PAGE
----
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Firearms surrender sees nearly 150 items handed in

Nearly 150 items have been handed in to West Midlands Police during a two-week firearms surrender led by the National Ballistics Intelligence Service (NABIS).

The campaign ran from 20 July to 4 August, and working firearms including rifles, shotguns, revolvers and handguns were surrendered. 

Out of the items surrendered, 15 were lethal firearms and 22 were air weapons. 

In addition, self-loading pistols, including a Walther PPK, a rifle silencer and military smoke grenade, as well as incapacitant sprays and stun guns were taken into police stations around the region.

Following the campaign some of the weapons will be sent off to be tested by ballistics specialists to see if they have been used in crime, before they are destroyed.

Chief Superintendent Mark Payne, from force CID, said: “We’re really pleased with the outcome of this surrender. To have 145 weapons taken off the streets is a fantastic result.

“A number of deactivated and imitation weapons were also surrendered. These could have been easily converted and should they have fallen into the wrong hands, the consequences could have been devastating.

“As a force, this is our third firearms surrender in less than two years and in total nearly 400 items have been handed in to us. That is a significant number of potentially very dangerous items off the street, and we have no doubt this will have saved lives.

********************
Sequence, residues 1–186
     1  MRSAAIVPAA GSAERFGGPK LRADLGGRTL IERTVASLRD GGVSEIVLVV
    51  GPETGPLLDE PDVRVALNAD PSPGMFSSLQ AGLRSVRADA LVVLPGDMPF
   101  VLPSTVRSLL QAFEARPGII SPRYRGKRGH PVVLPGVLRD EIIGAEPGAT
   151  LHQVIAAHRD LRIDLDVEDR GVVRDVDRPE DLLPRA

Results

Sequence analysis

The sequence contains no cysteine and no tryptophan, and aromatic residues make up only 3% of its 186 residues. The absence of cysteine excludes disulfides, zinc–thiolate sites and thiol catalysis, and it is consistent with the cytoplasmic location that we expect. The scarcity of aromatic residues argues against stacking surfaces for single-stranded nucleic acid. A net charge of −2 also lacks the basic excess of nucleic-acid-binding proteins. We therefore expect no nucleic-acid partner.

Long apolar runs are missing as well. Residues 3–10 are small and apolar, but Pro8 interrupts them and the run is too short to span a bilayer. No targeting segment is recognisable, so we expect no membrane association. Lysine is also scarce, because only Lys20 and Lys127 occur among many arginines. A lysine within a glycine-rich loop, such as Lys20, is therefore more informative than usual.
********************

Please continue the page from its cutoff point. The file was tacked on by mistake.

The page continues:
“I would say to the people who are still holding guns that they have had an opportunity to surrender them and that we are very good at identifying, arresting and imprisoning people who use firearms.

“We will continue to proactively target firearms and offenders and take them off our streets." 

Dept. PCC Ashley Bertie and Detective Cheif Supt. Mark Payne
Deputy PCC Ashley Bertie and Detective Cheif Supt. Mark Payne

The West Midlands Deputy Police and Crime Commissioner, Ashley Bertie, said: “To get nearly 150 items off the streets in under two weeks is good news. I am really pleased to see that the firearms that have been handed in will be destroyed.

“Whilst those guns are on the streets of the West Midlands there is always the potential they could fall into the wrong hands. Every gun handed in is potentially a life saved. 

“For everybody who decided to hand in their weapon may I say a big thank you. You have done the right thing." 

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